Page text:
China's Xi Promises To Open Up Economy And Lower Auto Tariffs

Posted April 10, 2018

"President Xi and I will always be friends, no matter what happens with our dispute on trade", Trump wrote.

US stocks plunged more than 2 percent Friday after Trump threatened to impose tariffs on an additional $100 billion worth of Chinese goods beyond the $50 billion worth of products he had already said would be affected.

Private sector analysts saw Mr Xi's speech as an overture to help end the biggest global trade dispute since the Second World War.

Oil markets stabilised on Monday after having lost around 2 per cent last Friday as concerns grew over the impact on global growth from an intensifying trade dispute between the United States and China, as well as increased U.S. drilling activity.

"We hope developed countries will stop imposing restrictions on normal and reasonable trade of hi-tech products and relax export controls on such trade with China", he said.

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In addition to threatening penalties on American goods, China has also asked the business community in the United States and elsewhere to protest the planned Trump tariffs. The official said that the USA was expecting China to put concrete proposals forward.

It said that "linking China's strategic choice to the current China-US trade frictions" was a "baseless interpretation".

Trump and Chinese President Xi Jinping enjoyed an amiable summit almost a year ago at Trump's Mar-a-Lago resort in Florida.

Vishnu Varathan, head of economics and plan to Mizuho lender at Singapore, told Reuters, "By and large it seems the language is much more conciliatory as it really is pugilistic depending on how the way into the U.S.is".

Treasury Secretary Steven Mnuchin said on CBS' Face the Nation that he didn't expect the tariffs to have a "meaningful impact on the economy" even as he left the door open for disruption.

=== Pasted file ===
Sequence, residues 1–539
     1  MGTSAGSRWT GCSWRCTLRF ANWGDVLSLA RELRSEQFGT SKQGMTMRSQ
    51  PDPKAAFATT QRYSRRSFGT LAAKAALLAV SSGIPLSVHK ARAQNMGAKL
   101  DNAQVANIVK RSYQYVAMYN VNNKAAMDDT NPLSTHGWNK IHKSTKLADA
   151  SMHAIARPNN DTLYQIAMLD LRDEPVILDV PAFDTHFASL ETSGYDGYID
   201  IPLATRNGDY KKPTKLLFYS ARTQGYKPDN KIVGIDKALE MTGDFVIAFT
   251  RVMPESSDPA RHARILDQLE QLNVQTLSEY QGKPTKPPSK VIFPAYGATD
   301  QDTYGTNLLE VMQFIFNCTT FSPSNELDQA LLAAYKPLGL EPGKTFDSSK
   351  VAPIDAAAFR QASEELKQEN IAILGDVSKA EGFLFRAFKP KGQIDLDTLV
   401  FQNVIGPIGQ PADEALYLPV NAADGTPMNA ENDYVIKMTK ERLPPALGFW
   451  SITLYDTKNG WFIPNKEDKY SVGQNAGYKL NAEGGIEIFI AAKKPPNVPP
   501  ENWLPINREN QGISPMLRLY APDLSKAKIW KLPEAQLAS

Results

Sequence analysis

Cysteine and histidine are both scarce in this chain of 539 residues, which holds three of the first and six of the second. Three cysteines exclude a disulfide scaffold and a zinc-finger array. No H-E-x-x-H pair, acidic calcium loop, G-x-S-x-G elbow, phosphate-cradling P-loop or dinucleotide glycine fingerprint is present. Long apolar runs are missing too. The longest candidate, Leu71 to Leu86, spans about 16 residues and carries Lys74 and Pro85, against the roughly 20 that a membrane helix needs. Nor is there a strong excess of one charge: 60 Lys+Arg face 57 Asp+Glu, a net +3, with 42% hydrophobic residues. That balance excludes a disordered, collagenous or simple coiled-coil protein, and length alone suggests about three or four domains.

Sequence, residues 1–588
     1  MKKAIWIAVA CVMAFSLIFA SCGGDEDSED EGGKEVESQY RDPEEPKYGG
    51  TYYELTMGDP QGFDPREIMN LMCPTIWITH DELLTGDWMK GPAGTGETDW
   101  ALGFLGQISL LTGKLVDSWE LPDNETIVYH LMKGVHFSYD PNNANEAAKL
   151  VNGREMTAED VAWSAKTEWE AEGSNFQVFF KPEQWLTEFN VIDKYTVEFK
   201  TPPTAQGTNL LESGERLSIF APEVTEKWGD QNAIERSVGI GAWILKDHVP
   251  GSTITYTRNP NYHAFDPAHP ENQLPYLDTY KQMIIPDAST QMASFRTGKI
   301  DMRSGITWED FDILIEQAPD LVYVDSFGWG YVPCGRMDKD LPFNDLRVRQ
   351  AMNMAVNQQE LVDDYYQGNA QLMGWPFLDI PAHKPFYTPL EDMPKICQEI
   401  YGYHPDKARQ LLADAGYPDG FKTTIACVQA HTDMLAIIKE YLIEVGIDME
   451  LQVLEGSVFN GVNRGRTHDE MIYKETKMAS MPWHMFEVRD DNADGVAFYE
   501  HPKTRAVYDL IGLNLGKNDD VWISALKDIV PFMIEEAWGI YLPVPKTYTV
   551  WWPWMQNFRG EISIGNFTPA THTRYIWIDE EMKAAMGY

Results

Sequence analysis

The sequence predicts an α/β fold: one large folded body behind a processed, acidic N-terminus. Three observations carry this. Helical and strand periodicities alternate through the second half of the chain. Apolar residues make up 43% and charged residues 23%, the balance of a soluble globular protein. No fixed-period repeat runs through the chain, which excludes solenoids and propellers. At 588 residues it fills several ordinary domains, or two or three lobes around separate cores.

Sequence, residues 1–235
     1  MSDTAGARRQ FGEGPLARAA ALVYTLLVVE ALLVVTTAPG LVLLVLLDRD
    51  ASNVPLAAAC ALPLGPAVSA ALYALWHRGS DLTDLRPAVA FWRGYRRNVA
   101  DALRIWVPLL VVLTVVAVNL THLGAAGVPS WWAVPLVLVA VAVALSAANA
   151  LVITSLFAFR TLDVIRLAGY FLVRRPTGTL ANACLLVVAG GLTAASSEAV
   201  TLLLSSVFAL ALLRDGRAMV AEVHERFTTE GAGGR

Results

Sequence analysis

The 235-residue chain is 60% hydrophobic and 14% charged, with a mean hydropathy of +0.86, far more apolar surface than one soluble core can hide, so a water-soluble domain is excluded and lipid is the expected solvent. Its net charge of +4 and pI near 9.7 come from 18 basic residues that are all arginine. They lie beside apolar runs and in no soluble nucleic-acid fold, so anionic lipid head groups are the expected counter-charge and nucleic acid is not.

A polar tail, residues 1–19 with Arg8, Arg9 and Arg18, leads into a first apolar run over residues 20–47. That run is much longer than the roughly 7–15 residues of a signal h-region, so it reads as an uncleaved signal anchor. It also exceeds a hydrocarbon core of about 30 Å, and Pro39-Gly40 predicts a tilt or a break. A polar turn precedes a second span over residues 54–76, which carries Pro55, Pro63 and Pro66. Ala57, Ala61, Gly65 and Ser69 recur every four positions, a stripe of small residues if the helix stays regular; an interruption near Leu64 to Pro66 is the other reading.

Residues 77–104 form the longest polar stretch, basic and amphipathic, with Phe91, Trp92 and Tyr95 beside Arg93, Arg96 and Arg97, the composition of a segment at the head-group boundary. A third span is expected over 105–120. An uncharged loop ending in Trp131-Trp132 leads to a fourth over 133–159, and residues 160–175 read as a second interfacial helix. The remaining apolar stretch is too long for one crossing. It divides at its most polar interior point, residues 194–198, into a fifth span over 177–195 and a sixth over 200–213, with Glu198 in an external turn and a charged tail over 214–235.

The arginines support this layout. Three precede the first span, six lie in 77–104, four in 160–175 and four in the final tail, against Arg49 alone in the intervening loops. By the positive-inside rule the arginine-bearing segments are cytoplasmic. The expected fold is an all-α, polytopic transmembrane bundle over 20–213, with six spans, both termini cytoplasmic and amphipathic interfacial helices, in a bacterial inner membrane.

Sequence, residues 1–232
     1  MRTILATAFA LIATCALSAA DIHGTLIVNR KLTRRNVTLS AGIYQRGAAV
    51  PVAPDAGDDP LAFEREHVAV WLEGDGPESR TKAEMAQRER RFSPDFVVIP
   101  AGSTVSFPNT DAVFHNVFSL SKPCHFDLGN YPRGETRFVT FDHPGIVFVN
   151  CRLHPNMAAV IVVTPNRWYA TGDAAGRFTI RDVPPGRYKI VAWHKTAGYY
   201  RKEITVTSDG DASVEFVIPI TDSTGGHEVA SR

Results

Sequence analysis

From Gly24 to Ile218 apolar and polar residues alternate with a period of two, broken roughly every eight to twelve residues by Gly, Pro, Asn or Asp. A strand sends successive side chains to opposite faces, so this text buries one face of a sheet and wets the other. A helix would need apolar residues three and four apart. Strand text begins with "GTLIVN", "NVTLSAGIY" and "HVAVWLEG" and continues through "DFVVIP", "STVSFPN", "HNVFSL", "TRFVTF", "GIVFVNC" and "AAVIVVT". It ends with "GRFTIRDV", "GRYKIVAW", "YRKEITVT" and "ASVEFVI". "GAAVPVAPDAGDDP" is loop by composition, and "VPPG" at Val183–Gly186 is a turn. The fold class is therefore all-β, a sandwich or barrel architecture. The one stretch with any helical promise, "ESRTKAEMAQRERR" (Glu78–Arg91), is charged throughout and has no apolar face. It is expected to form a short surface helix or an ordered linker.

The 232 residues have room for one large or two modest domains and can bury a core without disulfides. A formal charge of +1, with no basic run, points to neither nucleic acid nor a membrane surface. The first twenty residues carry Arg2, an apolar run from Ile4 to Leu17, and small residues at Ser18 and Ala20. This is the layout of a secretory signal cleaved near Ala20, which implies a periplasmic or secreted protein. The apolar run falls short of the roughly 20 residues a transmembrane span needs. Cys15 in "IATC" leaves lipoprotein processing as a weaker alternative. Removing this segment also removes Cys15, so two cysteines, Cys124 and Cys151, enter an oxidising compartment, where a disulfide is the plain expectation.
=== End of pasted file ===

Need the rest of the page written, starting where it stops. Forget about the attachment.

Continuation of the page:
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Trump is facing mid-term elections in November, while Xi has just begun his second term as president with an option to rule for life and probably wants to expand his clout overseas.

It's hoped Xi will say something "specific enough and tangible enough to give us confidence that the market access reforms that have been on the table for some time are being pushed", said Myron Brilliant, executive vice president and head of worldwide affairs at the U.S. Chamber of Commerce, a business-oriented lobbying group. "Growing trade disputes have placed farmers and ranchers in a precarious position", Zippy Duvall, a Georgia farmer and president of the American Farm Bureau Federation, said in a statement Friday.

The administration's threats toward China have made markets apprehensive.

Geng Shuang, a spokesperson for the Foreign Ministry of China, strongly said, "The United States with one hand wields the threat of sanctions, and at the same time says they are willing to talk. They understand that they're doing this for the country and we'll make it up to them". "I'm not sure who the United States is putting on this act for", Geng said. "We're moving forward in a measured way", he said on NBC's Meet the Press.

After remarks from his Chinese counterpart, Singaporean Foreign Minister Vivian Balakrishnan vowed to "double down" on free trade and economic liberalization in tandem with China.

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Two rounds of high-level talks between Chinese and United States officials aimed at defusing bilateral trade tensions earlier this year failed to produce any result.